Leaves are changing color later than they used to
If you haven’t gotten a chance to head out to the country and eyeball some funky-colored leaves yet, allow me to provide some good news: You’ve got 10 more days to do so than your parents did.
From Climate Central:
Using satellite-based measurements of the Normalized Difference Vegetation Index (NDVI), which gauges leaf cover over wide areas, researchers at the Seoul National University in South Korea found that the end of the growing season occurred progressively later over the course of their 26-year study. By noting the time of year changes in color occurred most rapidly, the researchers could track when fall started between 1982 and 2008.
As you probably guessed, this is probably linked to climate change. Big shock.
When leaves change color — what scientists call the transition from “active growth to leaf-drop” — is based on several natural factors. Chillier temperatures associated with the onset of fall are one, along with the shorter fall days; changes in rainfall from one season to the next play an important role as well (a dry summer means that leaves will die and drop earlier). This is why we don’t see the changes we associate with fall happen at exactly the same time every year — there’s so much natural variation in the weather.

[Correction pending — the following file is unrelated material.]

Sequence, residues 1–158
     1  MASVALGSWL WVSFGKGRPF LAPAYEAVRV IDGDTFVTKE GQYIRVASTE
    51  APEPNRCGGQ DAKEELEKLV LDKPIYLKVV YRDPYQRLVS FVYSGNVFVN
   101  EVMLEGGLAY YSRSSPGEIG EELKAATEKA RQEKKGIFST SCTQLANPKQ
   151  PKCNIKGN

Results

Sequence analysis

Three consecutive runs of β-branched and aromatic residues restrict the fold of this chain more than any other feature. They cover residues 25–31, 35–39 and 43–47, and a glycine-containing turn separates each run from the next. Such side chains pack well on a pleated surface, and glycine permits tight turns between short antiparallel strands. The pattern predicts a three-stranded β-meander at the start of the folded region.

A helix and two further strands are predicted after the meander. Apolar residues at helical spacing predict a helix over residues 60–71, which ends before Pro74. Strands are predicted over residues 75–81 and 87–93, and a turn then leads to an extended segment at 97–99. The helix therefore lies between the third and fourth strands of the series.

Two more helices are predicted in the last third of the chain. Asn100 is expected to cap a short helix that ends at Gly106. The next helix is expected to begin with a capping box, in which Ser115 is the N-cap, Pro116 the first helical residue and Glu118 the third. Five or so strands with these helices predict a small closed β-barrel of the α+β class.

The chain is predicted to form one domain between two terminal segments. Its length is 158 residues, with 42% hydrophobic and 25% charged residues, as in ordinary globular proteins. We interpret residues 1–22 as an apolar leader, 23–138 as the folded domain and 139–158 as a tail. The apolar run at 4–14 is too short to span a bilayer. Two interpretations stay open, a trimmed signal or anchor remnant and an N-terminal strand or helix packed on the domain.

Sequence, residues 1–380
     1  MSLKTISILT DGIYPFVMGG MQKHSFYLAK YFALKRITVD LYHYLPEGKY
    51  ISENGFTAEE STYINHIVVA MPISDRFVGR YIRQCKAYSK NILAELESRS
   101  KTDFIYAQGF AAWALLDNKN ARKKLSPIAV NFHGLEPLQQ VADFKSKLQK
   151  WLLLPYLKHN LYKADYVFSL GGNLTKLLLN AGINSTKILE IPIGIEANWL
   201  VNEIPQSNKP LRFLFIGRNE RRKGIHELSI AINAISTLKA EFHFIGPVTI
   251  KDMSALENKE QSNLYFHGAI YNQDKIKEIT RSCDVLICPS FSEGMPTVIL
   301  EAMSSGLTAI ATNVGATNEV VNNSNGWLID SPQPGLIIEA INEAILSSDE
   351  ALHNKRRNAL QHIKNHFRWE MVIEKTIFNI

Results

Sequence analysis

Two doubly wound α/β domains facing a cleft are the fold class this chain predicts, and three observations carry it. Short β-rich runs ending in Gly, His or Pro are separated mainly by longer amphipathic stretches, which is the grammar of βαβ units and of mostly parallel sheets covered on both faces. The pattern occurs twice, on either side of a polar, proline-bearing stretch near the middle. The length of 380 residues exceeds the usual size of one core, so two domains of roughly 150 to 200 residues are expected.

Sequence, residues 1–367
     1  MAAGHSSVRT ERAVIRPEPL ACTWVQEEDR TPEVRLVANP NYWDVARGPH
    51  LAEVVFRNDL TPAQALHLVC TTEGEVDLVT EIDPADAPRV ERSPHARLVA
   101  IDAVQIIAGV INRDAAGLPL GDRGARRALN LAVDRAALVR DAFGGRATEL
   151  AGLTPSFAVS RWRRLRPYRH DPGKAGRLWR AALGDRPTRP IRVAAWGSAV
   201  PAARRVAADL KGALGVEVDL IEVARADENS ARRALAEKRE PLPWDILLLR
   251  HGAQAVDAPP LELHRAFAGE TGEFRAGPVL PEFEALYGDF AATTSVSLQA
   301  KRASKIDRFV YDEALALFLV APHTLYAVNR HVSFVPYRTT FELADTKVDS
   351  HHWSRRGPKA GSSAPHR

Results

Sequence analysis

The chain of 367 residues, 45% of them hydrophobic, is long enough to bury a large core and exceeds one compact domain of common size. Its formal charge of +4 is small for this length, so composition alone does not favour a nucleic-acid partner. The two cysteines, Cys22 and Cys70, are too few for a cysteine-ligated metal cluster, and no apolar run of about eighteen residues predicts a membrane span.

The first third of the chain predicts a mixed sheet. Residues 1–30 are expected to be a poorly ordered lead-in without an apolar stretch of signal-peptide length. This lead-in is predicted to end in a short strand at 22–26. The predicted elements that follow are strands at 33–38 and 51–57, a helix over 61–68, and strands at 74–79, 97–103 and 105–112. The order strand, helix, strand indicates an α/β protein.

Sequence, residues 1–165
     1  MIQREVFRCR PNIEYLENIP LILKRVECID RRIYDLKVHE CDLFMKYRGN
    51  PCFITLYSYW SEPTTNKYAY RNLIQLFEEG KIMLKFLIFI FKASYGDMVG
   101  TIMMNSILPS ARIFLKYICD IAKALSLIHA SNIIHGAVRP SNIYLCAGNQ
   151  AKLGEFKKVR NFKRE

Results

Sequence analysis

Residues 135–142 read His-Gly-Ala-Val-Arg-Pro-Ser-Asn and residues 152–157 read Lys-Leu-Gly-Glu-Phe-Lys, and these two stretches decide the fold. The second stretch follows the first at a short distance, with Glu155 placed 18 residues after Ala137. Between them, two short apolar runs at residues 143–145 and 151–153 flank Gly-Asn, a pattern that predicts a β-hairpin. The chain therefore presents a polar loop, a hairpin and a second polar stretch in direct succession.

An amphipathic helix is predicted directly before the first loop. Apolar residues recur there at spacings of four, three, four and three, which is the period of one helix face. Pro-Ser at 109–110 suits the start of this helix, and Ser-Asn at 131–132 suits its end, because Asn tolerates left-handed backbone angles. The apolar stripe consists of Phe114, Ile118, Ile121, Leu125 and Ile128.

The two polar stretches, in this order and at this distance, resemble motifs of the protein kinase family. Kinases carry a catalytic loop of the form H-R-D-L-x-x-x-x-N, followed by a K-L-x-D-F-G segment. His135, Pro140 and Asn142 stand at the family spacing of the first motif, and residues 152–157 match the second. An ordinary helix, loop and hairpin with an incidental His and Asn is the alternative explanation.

However, as this study shows, the average time these changes occur can shift over the course of many years. This long-term trend toward a later autumn is related to the fact that temperatures overall are getting warmer.
By the year 2050, then, I’m going to assume that leaves will change colors in April? Something like that, I bet.
Throughout the U.S., the Onset of Autumn Is Falling Back, Climate Central.
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